Mercury and the Earth have almost the same average density, although Mercury's core is substantially bigger in comparison to the body's size. Excellent job! You just learned 41 new words! Learn mode will help you improve your study skills. You may be interested in...
While both are terrestrial in character, Mercury is much smaller and less massive than Earth, while having a similar density. Mercury's composition is likewise far more metallic than that of Earth, and its 3:12 orbital resonance causes a single day to be twice as long as a year.
These similarities cause problems for Mercury's environment because many features of Earth's surface are also found on Mercury, such as volcanoes, earthquakes, and tectonic plates. In fact, most planets in the Solar System share common characteristics because they all largely result from collisions between other objects. However, because Mercury has no significant atmosphere or ocean, these features must be caused by gravitational effects instead.
For example, the same forces that create mountains on Earth can produce volcanic activity on Mercury. The impact that created the Moon may have also created a volcanic hotspot on Mercury that has yet to cool down. The results would be some regions that look like Olympus Mons on Mercury, another large volcano that has risen above the surface over time through plate tectonics.
Earth's oceans cover 70% of her surface area, but they account for almost all of our planet's unique chemical elements. Because Mercury lacks an atmosphere, it has been completely vaporized by the Sun, leaving only the core, which is mostly iron with a small fraction of nickel and zinc.
Scientists at NASA's Goddard Space Flight Center in Greenbelt, Maryland, have discovered evidence suggesting Mercury's inner core is solid and about the same size as Earth's inner core in a new research. The finding was made using data from NASA's Magnetospheric Orbiter (MSP). MSP collected the first global map of mercury's magnetic field.
Mercury has no atmosphere to protect it from solar wind particles that charge up its surface, so it gets bombarded by electrons from outside sources. These electrons cause volcanoes on Mercury's surface to emit gases such as sulfur dioxide and hydrogen chloride into space. Scientists think this is how life as we know it could have started on Mercury, since these gases are important ingredients in organic molecules.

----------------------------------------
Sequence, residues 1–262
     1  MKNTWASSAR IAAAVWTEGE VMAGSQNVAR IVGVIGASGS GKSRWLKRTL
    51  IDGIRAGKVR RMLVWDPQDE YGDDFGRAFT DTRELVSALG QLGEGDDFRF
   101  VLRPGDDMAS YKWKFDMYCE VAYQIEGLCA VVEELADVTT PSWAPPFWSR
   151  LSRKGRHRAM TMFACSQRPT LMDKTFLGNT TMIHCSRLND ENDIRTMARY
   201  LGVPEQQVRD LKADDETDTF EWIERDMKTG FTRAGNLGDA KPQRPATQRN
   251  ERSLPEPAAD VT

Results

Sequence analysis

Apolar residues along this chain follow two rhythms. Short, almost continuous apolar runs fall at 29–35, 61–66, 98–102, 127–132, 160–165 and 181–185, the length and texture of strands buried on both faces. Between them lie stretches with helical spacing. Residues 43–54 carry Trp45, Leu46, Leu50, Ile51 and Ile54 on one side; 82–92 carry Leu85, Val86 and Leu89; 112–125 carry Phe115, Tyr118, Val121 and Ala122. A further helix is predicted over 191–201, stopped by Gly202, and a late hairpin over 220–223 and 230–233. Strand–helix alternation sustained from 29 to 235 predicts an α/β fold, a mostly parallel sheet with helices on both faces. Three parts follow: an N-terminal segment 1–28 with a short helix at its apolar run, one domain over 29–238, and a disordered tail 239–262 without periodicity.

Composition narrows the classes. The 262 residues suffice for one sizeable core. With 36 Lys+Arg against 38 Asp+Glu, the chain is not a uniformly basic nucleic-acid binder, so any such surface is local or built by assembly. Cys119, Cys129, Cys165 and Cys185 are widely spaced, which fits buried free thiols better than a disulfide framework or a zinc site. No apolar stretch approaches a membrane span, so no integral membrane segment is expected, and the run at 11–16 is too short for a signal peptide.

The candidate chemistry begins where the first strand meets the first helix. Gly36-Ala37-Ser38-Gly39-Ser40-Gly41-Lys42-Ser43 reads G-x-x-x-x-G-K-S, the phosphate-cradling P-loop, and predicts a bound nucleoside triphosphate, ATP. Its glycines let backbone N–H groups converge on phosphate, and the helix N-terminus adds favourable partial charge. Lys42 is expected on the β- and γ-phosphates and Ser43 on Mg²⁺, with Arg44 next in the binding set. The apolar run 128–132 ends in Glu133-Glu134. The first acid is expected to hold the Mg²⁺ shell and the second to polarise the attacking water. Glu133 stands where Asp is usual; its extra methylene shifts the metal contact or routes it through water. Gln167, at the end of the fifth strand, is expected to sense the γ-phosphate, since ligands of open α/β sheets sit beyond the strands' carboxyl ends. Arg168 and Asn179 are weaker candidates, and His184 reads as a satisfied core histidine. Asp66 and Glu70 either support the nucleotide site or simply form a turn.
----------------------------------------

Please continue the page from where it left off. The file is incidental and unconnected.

In addition to Earth's iron core, Mercury has a liquid iron center that makes up 98% of its mass. Because of its similarity to Earth, scientists think the cores of Mercury and Earth formed around the same time through an internal process called "differentiation." As a planet forms, its outer layer becomes more dense than its interior, causing the planet to become larger at the expense of its inner contents. This occurs when a planet loses most of its initial gas envelope during formation leaving a rocky core behind.
Mercury has a huge liquid metal core surrounded by a silica mantle and a solid outer crust.
The mantle is mainly magnesium oxide with some silicon dioxide and traces of other elements. The surface is covered by a thin layer of mercury above an iron core.
Magnesium and oxygen are the most abundant elements in the solar system. So, it shouldn't come as a surprise that these two elements make up more than half of Mercury's mass. However, because magnesium oxide is white and odorless, it isn't easy to find on Earth, where it is usually used for making paints and ceramics.
The only way to discover Mercury's internal structure is through close-up images from space. Since 1950, several spacecraft have flown by or landed on Mercury, allowing scientists to learn more about its composition and dynamics.
Earth also has a metallic core but it is much smaller than Mercury's. On the other hand, Venus' atmosphere is almost 100 times thicker than Earth's, but it is made out of carbon dioxide instead of nitrogen and oxygen. Thus, the surface environment of this planet depends largely on which direction you look at it from.